When I was a teenager, I remember saying I wanted to deliver my babies naturally so I could get up and shower immediately afterward. Then I grew up and developed a few more, well, "grown-up" reasons for choosing natural childbirth. Which was good, because it took a good seven hours or so to pry myself away from my baby and into a shower, so that reasoning would have proved rather faulty. I won't delve into all of my real reasons here, but I'd be happy to share those in another setting.

I ended up deciding that the Bradley Method made the most sense to me -- it's pretty basic and logical (I'm not one of those "imagine that you are floating on a cloud" type people at.all.). Luckily, I'm married to the most supportive human being on the planet. We ordered this book, which is fantastic. Fantastic, and a bit, um, graphic. Matt covered up all the pictures with post-its and dutifully read the entire thing with me (well, separately, but we both read it), and we prepared together. It made a huge difference to have a partner who understood what was going on and knew how to best help.

For those curious about the pain aspect, I won't sugarcoat it. The pain is real. Back labor is excruciating. A contraction at 5 cm is absolutely nothing compared to a contraction at 10 cm. There is honestly nothing like it. Believe it or not, the contraction pain seems to calm down a little bit during the actual pushing stage, presumably because of the adrenaline, counter pressure, and the fact that's when you're really working with your body. And then you have the baby and the pain is immediately replaced with the unspeakable joy of holding your little one. Oh, it is all so worth it. In the end, I was able to be very much "there" for every part of his birth, he came out wide awake and alert because he hadn't received any drugs through me, and I was able to have a pretty decent recovery.

On trusting yourself:
My two tips for anyone planning a natural birth are to be prepared and trust yourself. When it was time to push, the 5 well-meaning nurses around me and even my doctor kept giving directions, counting, and telling me to push when there wasn't even a contraction. In the craziness of the moment, I listened to them at first because you know, this was new to me and they've done this a thousand times and I had a baby trying to come out of me. But inside, I knew better. As soon as I tuned them out, trusted myself, and did things my way, there was real progress and Jake was born in minutes. Trust yourself.

On nursing:
It's been really frustrating, especially since things were so easy (albeit excruciatingly painful) in the very beginning and I feel like I messed things up for my baby somehow. And then I feel like it's not fair, because no one else seems to have such a hard time with nursing. I think that last sentence is why so many moms quit nursing--because they think it's so easy for everyone else and therefore something must be wrong with them. I'm here to tell you that nursing is absolutely not easy for everyone.

We've really been through the ringer with nursing. If there's a nursing problem, I guarantee you we have dealt with it. Cracks, bleeding, rawness, being required to exclusively pump for a couple days, Jake preferring the bottle after that, mastitis, pesky thrush, never-ending wrestling matches at feeding time, hyperlactation, and most recently, trying to maintain supply during a recent nursing strike. My doctor and lactation consultant told me they've never seen a mom as damaged as I was who actually continued to nurse.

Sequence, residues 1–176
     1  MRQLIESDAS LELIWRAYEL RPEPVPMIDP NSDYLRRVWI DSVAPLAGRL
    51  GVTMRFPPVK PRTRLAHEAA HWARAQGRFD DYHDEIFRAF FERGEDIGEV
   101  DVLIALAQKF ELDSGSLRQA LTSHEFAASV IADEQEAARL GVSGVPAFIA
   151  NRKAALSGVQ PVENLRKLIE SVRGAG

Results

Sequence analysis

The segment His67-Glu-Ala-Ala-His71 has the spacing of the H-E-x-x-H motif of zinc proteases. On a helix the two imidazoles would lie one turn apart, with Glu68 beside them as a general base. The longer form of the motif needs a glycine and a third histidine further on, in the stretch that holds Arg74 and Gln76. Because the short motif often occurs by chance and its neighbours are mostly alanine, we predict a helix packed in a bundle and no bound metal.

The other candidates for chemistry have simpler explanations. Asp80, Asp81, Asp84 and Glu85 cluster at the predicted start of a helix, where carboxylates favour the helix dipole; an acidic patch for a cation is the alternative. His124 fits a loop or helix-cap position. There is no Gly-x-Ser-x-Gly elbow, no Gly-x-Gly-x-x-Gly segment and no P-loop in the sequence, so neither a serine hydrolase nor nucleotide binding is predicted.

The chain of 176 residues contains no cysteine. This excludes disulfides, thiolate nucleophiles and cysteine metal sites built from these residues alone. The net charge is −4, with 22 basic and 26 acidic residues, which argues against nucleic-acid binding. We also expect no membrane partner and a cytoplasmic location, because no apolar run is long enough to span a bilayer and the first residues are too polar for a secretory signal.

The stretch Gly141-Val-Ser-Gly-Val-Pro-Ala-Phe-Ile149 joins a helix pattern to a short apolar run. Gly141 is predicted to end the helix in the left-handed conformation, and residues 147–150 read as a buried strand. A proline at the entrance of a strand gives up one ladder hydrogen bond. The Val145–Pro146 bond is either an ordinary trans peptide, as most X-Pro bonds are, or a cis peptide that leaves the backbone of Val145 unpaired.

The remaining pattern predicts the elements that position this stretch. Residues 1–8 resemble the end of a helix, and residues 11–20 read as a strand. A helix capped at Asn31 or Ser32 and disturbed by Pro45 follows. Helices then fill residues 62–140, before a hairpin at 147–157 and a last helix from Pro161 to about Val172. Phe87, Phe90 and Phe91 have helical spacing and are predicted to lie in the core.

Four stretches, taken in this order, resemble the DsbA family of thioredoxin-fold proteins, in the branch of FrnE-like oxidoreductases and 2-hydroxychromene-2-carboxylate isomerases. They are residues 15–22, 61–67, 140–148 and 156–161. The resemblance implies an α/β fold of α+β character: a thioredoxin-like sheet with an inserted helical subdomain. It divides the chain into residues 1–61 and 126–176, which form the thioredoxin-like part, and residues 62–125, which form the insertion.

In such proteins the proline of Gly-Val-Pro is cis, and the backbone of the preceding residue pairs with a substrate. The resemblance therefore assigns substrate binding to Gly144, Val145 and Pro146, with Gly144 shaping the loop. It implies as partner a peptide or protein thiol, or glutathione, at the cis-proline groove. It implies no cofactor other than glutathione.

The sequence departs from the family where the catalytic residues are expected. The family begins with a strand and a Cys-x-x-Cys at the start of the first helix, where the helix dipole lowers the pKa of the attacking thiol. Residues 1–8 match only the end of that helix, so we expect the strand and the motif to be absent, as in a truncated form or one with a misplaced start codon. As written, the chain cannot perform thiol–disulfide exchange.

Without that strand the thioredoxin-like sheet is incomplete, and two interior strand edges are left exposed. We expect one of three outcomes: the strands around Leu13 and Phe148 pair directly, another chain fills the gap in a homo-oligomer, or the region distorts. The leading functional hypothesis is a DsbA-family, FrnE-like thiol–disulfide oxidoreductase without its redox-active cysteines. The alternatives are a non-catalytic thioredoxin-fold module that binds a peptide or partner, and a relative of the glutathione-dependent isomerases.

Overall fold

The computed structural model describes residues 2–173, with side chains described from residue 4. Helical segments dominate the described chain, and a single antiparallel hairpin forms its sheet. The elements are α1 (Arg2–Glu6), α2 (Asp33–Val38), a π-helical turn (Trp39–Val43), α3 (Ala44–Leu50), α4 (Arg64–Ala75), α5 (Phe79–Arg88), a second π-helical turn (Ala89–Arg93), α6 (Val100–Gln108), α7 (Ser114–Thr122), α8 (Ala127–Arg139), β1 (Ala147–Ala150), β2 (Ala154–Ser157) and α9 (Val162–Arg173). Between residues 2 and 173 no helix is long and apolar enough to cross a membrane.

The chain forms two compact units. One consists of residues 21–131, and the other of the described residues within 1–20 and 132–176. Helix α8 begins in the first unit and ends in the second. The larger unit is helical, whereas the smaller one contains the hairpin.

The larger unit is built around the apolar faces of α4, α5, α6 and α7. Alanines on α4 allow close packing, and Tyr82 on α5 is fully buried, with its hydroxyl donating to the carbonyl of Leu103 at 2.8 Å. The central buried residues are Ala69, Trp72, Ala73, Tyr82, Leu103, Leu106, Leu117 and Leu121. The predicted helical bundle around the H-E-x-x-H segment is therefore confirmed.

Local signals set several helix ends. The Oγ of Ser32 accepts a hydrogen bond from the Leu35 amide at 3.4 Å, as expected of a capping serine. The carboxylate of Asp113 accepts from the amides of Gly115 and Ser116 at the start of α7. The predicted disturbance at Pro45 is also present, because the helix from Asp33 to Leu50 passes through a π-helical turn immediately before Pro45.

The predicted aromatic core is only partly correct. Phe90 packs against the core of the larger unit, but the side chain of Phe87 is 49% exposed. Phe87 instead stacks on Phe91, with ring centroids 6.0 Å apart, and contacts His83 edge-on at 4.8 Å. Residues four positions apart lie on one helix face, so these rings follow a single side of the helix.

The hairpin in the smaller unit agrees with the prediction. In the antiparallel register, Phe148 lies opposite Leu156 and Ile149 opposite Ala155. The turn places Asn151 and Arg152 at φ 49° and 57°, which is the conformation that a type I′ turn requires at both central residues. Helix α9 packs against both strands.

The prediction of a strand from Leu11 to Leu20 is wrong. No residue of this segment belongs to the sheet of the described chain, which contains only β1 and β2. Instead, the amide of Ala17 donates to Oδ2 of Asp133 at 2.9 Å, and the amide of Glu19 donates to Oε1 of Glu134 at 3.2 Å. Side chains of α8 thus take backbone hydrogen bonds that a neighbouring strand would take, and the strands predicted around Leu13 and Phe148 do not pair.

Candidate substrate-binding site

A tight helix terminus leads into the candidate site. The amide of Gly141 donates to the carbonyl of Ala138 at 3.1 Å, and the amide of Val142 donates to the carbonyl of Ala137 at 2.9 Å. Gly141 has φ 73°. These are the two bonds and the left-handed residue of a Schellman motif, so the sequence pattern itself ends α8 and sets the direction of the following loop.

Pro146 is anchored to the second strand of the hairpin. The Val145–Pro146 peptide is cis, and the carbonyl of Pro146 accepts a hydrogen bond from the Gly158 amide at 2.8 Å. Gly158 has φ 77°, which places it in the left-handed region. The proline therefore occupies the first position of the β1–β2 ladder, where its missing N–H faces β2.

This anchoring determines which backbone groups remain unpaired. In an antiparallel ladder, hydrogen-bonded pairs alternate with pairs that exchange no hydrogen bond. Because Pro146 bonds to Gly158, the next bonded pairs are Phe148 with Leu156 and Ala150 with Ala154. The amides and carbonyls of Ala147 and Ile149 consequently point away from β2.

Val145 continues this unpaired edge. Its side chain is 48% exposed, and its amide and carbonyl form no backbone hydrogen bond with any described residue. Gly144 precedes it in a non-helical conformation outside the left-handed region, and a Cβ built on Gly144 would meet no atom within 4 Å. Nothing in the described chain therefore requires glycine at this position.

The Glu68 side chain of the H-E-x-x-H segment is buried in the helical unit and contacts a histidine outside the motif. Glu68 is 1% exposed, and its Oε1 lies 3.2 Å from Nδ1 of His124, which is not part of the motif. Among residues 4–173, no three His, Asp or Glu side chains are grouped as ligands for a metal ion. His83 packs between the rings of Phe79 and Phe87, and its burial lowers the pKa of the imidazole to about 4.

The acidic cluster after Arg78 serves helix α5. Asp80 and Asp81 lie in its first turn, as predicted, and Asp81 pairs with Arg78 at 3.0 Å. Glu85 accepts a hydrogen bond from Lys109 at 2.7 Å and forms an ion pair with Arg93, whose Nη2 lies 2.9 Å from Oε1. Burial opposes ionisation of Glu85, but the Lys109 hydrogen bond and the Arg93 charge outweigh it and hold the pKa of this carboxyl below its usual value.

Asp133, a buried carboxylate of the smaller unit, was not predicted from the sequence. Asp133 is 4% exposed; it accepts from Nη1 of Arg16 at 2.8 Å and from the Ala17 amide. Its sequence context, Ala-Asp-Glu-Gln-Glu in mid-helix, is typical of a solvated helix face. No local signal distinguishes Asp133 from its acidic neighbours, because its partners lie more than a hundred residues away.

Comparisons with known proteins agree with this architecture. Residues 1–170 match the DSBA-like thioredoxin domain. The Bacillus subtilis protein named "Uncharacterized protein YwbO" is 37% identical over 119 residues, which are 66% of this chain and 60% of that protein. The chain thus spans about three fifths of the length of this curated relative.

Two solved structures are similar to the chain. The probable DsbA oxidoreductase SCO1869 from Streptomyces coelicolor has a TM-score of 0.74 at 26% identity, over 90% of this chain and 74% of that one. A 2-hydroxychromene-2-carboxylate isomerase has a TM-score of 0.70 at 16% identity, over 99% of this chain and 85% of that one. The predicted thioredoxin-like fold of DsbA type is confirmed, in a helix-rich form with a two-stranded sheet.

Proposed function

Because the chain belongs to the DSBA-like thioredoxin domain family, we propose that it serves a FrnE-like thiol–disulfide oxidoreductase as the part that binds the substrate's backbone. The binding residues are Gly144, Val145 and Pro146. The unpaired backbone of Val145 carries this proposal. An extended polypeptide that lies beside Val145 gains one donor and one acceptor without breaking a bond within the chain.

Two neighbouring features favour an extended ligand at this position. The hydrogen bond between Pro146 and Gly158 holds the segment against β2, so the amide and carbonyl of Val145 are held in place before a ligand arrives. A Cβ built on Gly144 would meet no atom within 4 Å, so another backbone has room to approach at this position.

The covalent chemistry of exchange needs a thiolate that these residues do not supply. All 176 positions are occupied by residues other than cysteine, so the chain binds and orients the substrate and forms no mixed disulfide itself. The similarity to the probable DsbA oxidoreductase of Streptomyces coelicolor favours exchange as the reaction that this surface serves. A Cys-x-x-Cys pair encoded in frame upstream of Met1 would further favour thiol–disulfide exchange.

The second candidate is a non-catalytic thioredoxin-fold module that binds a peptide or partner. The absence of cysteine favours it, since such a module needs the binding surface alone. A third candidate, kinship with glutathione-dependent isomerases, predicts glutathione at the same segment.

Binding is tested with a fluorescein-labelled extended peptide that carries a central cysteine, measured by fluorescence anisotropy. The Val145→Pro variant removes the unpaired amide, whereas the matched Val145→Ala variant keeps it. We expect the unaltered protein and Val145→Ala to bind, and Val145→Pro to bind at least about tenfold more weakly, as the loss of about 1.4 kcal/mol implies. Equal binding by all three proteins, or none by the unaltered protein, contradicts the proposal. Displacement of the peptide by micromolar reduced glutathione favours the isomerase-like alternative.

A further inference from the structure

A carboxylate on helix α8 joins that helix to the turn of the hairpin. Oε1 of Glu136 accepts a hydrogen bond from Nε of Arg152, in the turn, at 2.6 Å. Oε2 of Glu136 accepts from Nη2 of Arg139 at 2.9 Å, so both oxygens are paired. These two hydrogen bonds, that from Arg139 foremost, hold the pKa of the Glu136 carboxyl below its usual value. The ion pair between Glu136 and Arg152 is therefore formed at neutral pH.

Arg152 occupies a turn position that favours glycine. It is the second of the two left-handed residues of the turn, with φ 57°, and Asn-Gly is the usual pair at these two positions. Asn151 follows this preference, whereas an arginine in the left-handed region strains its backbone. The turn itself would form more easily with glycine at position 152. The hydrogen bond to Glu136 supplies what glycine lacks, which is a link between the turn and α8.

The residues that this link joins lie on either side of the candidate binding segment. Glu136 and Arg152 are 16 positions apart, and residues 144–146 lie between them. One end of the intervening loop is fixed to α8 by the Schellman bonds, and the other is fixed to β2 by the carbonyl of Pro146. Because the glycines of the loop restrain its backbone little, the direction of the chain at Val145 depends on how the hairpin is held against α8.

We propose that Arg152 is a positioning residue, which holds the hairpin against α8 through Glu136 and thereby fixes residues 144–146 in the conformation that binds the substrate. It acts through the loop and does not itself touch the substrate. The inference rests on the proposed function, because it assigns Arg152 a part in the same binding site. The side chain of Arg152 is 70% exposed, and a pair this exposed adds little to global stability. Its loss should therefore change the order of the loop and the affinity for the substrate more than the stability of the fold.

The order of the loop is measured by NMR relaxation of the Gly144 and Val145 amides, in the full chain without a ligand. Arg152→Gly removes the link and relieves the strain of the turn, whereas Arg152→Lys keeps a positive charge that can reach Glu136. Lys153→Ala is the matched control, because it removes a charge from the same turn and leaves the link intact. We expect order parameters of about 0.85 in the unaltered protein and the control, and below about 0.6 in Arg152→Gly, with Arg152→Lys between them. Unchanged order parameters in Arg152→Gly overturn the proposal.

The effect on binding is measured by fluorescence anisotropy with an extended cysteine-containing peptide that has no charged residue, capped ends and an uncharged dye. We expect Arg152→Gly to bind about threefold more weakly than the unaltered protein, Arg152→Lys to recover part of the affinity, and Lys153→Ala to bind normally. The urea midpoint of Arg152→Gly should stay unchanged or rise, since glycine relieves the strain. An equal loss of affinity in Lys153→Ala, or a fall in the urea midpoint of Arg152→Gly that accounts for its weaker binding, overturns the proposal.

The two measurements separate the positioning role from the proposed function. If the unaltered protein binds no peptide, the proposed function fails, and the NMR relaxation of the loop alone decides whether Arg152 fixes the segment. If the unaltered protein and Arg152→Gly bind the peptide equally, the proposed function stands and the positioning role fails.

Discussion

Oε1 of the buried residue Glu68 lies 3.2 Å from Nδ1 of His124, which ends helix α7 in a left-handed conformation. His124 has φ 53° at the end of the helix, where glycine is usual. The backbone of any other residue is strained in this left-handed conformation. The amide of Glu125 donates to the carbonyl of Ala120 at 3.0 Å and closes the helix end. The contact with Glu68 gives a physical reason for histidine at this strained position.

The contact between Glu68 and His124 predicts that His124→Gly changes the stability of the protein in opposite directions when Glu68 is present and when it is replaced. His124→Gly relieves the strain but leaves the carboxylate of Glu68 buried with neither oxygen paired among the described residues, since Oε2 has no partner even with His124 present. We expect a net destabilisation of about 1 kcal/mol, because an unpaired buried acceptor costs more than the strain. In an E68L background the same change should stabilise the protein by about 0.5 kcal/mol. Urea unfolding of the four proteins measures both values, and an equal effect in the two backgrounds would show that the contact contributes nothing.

There was a one-month period where everything possible was going wrong and it seemed like I did nothing but nurse, think about nursing, talk about nursing, or research nursing problems and solutions online. (PS: The La Leche League site and Kelly Mom are both helpful.) I was bound and determined to nurse my baby at least until the recommended 6-month mark if at all humanly possible. So despite all the pain and frustration, we made it and are still going strong. But I had to make little goals for myself along the way -- first 6 weeks, then 3 months, then 6 months. Now, we'll see.

When I think about having another baby, being pregnant, giving birth naturally, and recovering all sound fine. But doing this nursing thing all over again? That makes me want to cry. Of course I'll do it and hopefully it will go better the next time around, but oh my, I will not be looking forward to it. If you ever have any nursing problems, please feel free to call for empathy.
Ah, the joys of public nursing. At Disney World, no less, when Jake was 2 months old.

On sleepless nights:
Jake had a rough night about three weeks in and Matt sweetly stayed up to help me with him. Unfortunately, this caused him to sleep through his alarms and be late for work. He texted his coworker to let the office know he was on his way. Later that morning, Matt's boss came by his desk. "Sleepless night last night?," he asked. "Yep, and a sleepful morning," Matt responded. Thank goodness for an understanding boss.
Unfortunately, I haven't had a "sleepful" anything in what seems like forever. Jake was actually a decent sleeper for the first few months, waking up around 12:30 or 1:00, then 4:30 or 5:00, and then for good around 7:30. But then we went to Utah for the holidays and he turned 4 months old and it was all over. For the past two months, he has waken up every 1.5-2.5 (if I'm lucky) hours throughout the night. (Now that Jake's 15 pounds and 6-months-old, sleep training is on the agenda.) He typically wakes up happy, just wanting to hang out and snack and stuff. I haven't completed a single solid REM sleep cycle in more than 60 days and I feel like a zombie all too often. And yet, every time he wakes me up, no matter the hour, I can't help but feel happy to see his sweet little face.